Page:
How do the agendas of transnational feminism differ from the globalization agenda of the US academy, and how are they complicit?
What disparate genealogies inform contemporary feminist transnational praxis in and beyond the academy?
What pedagogic and methodological strategies are being developed to maintain the radical subjectivities in the global era?
What theories and practices will sustain transnational feminist agendas and intellectual communities able to resist and work against the deepening global inequalities in intellectual production?
Social Justice, Culture, and (In)Security
The UC Davis Mellon Research Initiative “Social Justice, Culture, and (In)Security” was established out of Hart Hall in 2012, following widely and diversely expressed social justice concerns arising from the UC Davis pepper spray incident of November 2011.
The vision of this interdisciplinary project is designed to create intellectual dialogue across multiple contexts and communities with a focus on social justice work.
Transnational Challenges to Global Empire: Cultivating Ethical Feminist Praxis
Friday, May 16th, 9 a.m. – 1 p.m.
3201 Hart Hall, UC Davis Campus
The growth of feminist and ethnic studies has opened up new theoretical frontiers in social justice pedagogy and research. These interrogate the meaning of ‘the public’ in the context of systemic inequalities, combining postcolonial feminist theories of intersectionality with insights deriving from transnational feminism. Discussants are challenged to explore the ethical and methodological implications that arise from bringing the insights of US-based feminist work into dialogue with the work of transnational feminist movements.
Amina Mama: A professor of Women and Gender Studies at UC Davis, Amina Mama is a Nigerian-British researcher, scholar and feminist who has lived and worked in various European and African tertiary institutions, developing transformative research and pedagogic methodologies. She serves as editor of the gender studies journal Feminist Africa.
Susy Zepeda: is a queer Xicana Indígena, born and raised in Los Angeles, California. She is a Visiting Assistant Professor in the Women and Gender Studies Program. Her research and teaching interests include: critical race and ethnic studies, critical feminist methodologies, queer of color studies, and transnational visual culture.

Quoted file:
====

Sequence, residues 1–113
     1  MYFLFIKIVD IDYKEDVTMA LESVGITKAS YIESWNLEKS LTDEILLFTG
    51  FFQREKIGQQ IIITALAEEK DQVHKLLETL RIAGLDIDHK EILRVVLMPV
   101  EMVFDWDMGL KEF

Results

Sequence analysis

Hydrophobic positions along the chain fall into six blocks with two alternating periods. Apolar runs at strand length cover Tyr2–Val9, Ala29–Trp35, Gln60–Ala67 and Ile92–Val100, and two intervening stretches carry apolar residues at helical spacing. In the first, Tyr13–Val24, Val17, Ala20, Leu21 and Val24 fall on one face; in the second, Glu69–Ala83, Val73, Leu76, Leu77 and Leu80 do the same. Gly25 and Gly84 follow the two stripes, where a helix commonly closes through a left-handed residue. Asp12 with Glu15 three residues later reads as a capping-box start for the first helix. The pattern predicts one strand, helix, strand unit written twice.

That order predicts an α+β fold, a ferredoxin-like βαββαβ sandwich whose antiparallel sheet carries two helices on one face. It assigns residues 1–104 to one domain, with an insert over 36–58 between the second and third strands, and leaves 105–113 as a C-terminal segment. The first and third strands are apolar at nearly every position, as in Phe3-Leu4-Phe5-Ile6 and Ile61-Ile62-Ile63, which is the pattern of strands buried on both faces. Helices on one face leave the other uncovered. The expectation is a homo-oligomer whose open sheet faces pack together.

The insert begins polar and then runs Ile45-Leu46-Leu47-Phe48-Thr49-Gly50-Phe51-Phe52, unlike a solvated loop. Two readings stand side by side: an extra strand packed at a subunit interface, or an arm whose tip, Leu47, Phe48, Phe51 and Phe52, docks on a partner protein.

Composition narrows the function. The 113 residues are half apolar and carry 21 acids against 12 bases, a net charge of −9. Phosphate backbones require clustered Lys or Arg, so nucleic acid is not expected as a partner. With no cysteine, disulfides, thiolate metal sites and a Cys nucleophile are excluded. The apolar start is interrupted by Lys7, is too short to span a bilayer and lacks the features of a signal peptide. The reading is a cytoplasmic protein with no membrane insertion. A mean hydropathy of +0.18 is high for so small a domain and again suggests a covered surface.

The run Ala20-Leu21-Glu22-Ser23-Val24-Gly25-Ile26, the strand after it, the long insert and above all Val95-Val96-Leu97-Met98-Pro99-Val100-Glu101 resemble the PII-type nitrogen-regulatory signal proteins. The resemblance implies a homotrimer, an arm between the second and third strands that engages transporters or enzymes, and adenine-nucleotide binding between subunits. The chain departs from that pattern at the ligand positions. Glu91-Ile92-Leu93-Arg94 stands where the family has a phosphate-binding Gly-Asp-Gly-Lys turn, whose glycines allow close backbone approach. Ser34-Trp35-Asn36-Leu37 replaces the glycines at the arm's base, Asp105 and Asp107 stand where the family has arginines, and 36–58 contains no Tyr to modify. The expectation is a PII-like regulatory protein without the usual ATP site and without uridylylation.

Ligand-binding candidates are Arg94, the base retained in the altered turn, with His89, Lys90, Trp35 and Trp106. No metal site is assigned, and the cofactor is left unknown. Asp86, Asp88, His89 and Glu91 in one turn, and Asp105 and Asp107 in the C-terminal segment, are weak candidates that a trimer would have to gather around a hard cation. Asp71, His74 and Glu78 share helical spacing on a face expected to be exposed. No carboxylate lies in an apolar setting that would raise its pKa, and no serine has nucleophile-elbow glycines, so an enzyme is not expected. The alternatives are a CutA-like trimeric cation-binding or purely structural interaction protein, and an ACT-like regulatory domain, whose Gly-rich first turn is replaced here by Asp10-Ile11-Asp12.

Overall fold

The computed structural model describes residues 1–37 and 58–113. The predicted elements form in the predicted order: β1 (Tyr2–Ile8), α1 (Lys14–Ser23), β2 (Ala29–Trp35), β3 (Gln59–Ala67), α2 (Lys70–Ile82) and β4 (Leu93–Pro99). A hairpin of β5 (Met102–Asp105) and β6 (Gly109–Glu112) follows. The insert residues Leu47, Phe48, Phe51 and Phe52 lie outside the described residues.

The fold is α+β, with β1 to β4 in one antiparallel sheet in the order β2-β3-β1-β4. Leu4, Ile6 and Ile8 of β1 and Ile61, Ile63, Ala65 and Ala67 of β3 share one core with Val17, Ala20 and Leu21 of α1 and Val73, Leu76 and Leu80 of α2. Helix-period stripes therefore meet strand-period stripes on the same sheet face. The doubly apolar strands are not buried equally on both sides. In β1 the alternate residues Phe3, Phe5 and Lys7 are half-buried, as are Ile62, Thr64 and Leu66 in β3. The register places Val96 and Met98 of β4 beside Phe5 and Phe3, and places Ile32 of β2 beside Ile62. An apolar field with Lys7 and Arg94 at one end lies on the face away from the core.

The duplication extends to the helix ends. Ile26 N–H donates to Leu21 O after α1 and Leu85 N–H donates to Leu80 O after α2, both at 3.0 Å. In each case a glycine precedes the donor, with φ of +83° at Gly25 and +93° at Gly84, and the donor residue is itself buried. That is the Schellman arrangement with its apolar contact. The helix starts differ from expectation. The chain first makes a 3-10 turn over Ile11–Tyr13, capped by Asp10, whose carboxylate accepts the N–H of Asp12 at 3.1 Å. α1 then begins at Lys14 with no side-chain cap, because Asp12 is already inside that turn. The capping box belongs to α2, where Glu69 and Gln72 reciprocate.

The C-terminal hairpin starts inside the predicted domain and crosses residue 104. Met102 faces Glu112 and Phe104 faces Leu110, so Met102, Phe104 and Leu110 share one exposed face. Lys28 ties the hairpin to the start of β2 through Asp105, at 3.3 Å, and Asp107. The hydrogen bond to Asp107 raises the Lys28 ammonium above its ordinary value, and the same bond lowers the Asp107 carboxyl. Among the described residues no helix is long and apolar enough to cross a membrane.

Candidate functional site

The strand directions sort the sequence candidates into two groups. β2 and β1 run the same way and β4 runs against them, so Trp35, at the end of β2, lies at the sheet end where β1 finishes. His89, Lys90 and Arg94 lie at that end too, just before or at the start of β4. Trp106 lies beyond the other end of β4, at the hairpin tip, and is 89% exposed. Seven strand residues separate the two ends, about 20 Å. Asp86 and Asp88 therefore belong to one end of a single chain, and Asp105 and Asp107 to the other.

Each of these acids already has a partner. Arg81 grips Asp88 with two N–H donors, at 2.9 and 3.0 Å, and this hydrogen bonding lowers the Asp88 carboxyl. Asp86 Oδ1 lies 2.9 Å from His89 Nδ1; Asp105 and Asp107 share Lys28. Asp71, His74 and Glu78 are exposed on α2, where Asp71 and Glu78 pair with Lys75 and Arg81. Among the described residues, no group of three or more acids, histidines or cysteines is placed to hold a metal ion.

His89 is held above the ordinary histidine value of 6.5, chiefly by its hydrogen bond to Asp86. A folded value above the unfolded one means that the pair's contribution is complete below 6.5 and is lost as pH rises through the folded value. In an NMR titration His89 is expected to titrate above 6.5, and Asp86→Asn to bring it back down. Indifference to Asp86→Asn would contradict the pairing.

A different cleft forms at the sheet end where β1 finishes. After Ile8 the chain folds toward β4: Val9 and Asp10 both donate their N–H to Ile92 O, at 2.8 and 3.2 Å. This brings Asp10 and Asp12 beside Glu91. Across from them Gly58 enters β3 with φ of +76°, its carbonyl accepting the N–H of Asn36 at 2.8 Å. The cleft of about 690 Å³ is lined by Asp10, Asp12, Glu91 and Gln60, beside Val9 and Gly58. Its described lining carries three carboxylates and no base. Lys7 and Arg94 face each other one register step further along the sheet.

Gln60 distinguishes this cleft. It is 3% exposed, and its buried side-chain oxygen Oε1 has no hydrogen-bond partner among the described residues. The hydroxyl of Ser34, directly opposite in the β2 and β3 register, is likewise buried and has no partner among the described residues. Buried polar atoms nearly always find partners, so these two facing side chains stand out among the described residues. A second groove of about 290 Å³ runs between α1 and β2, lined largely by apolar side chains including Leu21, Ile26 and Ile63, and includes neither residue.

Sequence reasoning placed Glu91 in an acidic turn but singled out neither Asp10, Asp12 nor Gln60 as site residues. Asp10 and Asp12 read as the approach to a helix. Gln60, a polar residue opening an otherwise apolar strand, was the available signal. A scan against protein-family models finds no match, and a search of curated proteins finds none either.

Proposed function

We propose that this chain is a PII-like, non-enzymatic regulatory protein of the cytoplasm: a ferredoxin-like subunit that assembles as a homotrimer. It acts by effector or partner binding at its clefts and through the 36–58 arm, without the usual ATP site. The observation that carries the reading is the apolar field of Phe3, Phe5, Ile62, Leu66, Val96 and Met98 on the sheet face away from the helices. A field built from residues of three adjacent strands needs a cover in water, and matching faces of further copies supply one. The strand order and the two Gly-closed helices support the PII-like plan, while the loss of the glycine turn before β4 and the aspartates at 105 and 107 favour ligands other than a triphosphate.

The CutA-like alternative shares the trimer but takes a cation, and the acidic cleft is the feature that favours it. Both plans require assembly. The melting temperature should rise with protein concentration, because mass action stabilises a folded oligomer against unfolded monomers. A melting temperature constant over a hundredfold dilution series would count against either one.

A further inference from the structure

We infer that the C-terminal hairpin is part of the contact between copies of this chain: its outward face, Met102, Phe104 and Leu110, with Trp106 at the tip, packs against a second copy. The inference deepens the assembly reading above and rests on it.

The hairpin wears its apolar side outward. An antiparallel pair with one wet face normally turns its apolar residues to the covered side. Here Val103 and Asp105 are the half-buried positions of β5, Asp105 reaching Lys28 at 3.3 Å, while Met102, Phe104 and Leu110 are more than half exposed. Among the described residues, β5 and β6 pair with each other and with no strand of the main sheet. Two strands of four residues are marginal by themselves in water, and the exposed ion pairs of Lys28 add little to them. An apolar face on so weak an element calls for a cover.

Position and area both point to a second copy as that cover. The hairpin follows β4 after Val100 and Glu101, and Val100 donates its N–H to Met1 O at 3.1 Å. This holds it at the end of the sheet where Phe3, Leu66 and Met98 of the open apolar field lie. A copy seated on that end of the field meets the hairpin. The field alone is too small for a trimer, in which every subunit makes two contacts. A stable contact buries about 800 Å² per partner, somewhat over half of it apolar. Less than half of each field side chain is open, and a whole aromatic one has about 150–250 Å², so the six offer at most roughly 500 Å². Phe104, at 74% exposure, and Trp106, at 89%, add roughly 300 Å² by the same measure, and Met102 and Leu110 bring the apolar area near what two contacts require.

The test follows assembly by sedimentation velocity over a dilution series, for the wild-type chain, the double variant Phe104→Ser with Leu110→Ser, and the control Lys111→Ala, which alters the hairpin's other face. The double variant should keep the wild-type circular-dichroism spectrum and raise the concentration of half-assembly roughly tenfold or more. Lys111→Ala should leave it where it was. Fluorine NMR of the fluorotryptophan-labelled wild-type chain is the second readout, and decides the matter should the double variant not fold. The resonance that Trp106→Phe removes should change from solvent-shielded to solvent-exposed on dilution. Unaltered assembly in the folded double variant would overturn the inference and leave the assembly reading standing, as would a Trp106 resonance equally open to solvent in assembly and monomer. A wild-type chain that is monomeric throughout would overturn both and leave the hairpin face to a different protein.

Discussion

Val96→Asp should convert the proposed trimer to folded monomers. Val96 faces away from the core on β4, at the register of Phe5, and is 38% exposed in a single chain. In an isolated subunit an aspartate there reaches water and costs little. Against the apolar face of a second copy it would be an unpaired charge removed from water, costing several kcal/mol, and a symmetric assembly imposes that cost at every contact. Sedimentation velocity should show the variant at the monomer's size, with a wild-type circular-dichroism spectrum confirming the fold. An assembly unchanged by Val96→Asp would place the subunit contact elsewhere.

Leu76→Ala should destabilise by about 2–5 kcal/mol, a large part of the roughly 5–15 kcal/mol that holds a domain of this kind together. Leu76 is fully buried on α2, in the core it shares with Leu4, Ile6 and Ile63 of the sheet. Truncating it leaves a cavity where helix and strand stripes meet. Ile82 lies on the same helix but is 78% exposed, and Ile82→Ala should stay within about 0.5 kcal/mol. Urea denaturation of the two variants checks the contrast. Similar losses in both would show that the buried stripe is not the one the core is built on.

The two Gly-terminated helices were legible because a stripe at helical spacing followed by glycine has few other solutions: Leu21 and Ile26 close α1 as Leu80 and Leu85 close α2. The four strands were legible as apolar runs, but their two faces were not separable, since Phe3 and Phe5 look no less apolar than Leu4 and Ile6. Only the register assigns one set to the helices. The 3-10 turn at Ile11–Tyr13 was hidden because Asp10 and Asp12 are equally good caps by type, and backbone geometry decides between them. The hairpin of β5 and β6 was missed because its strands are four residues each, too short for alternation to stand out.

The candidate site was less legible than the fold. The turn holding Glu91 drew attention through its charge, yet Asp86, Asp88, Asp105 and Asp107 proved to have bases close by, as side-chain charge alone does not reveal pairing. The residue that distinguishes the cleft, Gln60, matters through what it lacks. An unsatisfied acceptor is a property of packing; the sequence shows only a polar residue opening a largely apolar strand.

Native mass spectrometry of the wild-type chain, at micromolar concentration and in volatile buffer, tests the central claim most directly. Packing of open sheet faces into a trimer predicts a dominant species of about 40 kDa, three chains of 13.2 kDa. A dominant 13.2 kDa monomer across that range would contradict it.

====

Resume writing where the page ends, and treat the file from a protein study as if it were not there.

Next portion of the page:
Margo Okazawa-Rey: currently is on the faculty of the School of Human and Organizational Development at the Fielding Graduate University in Santa Barbara, California, and Professor Emerita at San Francisco State University. Okazawa-Rey’s primary areas of interest and research are gender, militarism, and feminist activist research. She is the author of numerous publications and founding member of the Combahee River Collective.
Chandra Talpade Mohanty: is Distinguished Professor of Women’s and Gender Studies and Dean’s Professor of the Humanities at Syracuse University. Her work focuses on transnational feminist theory, anti-capitalist feminist praxis, anti-racist education, and the politics of knowledge. Mohanty is a founding member of the Democratizing Knowledge Collective at Syracuse University.
Paula C. Johnson: is professor of law at Syracuse University College of Law. Professor Johnson and Professor Janis McDonald co-direct the Cold Case Justice Initiative (CCJI) at Syracuse University College of Law, which investigates racially-motivated murders committed during the civil rights era. Her scholarship and activism focus on matters of race, gender, sexuality, criminal law, international human rights, diversity and access to higher education.
Linda Carty: is a professor in and former chair of the Department of African American Studies at Syracuse University. She is a long standing labor activist in NY, and HIV/AIDS activist in Caribbean and Latin American health networks in New York City. Her research areas are in antiracism, Black feminisms, and Marxism critically addressing Black women’s labor in the Americas and Black women’s health care in the US and the Caribbean.
Dana M. Olwan: is Assistant Professor of Women’s and Gender Studies at Syracuse University. Her work focuses on gendered and sexual violence, feminist solidarities, and anti-colonial struggles from Canada to Palestine. In 2011, she was the Future Minority Studies Postdoctoral Fellow at the Women’s and Gender Studies Department of Syracuse University where she began her book length study on honor killings.